A WOMAN whose left leg is more than double the size of her right has spoken out to help others with their self-confidence, as she works towards classifying as a para-athlete.

Didi Okoh, 19, from Chelmsford, was diagnosed with lymphedema - a condition where excess fluid collects in tissues and causes swelling - in 2016 when she was just 13 years old.

She first noticed a problem with her left leg when attending a gifted and talented athletics morning in 2015, when a friend commented that one of her thighs looked 'bigger than the other'.

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The keen athlete went to see her GP, who told her to take Calpol and rest.

But after a year of appointments, Didi was diagnosed in July 2016 after visiting a consultant at Great Ormond Street Hospital.

Didi struggles to find jeans and shorts to fit her uneven legs, but has discovered her own style, finding dresses and skirts that she can slip over her large limb.

She was also teased as a teen for her ‘tree trunk leg’ - and has experienced rude questions and comments about what she wears - but she has since learned to embrace it.

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Didi said: "It’s such a rare condition that the doctors didn’t recognise it at first.

“I’ve always been really into sport, so we thought my muscles were just swollen.

“But it started to spread and got more and more painful, so we knew something wasn’t right.

"It's a progressive condition, it goes in stages. If I were to have no treatment or manage the condition, it would be much worse. Right now, it's one-and-a-half times bigger than the other leg. It can sometimes reduce when I'm managing it, but it'll never be the same size as the other leg.

"It was hard when I was around 15 as my leg was getting bigger and I was self-conscious. But when I turned 18 it just hit me that I can't mope around and feel bad about it, because it's not going anywhere. I chose then and there to just embrace it, and I feel so much more confident now."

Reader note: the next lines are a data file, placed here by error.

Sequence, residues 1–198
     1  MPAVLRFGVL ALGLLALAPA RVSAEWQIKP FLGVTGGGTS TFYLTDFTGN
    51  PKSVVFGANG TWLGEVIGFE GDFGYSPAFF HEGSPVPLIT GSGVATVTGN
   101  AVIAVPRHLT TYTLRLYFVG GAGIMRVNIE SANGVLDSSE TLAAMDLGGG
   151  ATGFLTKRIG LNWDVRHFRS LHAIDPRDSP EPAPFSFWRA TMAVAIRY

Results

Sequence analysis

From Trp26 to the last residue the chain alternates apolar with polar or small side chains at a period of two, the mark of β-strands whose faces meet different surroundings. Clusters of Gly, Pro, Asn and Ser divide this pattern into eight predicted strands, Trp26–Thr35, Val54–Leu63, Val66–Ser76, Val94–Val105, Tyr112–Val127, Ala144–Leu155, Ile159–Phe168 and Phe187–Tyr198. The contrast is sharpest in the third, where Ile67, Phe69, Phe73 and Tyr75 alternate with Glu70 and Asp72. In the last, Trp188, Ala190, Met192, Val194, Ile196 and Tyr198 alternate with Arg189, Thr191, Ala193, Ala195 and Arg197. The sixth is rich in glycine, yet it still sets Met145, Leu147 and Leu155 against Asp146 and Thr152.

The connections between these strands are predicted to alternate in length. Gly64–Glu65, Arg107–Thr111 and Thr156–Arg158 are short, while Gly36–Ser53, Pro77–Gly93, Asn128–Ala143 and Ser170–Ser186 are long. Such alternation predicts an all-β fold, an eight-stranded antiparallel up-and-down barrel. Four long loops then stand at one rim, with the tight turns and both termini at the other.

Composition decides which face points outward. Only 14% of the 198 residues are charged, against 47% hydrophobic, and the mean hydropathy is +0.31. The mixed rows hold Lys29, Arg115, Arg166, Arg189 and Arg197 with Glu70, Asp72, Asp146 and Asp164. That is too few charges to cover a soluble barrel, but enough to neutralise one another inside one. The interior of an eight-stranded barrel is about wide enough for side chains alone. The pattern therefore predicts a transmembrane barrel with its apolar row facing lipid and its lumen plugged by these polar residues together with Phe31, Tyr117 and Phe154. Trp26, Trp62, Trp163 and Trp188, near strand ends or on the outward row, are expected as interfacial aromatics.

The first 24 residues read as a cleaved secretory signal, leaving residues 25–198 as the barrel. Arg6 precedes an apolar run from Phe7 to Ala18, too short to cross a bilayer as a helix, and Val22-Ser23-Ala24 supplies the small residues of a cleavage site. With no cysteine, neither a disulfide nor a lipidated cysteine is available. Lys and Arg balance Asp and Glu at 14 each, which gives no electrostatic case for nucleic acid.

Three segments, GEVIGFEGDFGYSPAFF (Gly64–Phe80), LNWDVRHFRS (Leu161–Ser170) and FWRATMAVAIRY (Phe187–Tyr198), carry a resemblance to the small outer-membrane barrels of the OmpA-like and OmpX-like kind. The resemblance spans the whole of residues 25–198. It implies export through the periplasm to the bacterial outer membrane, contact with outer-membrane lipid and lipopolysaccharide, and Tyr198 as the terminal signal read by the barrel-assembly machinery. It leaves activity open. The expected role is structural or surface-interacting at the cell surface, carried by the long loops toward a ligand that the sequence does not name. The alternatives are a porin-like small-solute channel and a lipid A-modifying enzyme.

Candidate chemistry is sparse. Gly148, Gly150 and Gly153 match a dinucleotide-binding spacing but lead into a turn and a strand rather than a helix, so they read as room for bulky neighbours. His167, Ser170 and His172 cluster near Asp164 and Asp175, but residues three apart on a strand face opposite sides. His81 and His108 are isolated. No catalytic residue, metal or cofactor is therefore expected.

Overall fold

Didi has been told that there are no surgery or treatment options for her specific type of lymphedema.

She manages the swelling by wearing high compression tights and elevating her leg.

However, when Didi’s lymphedema flares up, she can experience extreme fatigue - sometimes struggling to get out of bed.

The swelling can make it difficult for her to sit down and concentrate on her studies and she described the pain as 'like lactic acid times ten'.

However, Didi’s love of sport has served as a positive outlet for her frustration, and she is working towards classifying as a para-athlete - with her sights set on becoming a Paralympian in the future.

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“After I was diagnosed, I found it really hard to compete as I was so tired, and my swollen leg was so painful," she said.

"The coaches also wouldn’t take me on because I was a higher injury risk, and they didn’t want to be responsible for that.

"It was a difficult time and I had to stop competing in track events and had to switch to hammer throw so there wasn't as much impact on my legs.

“But athletics is my passion, and I didn’t want to let my condition control my life. I try my best to just get on with things and not be defined by it.

“Now I’m in the process of classifying to be a para-athlete - it's been amazing to be back doing what I love.

“It would be a dream come true to compete in the Paralympics, but more than anything I want to use my story to help others who might be struggling with their health or self-confidence.”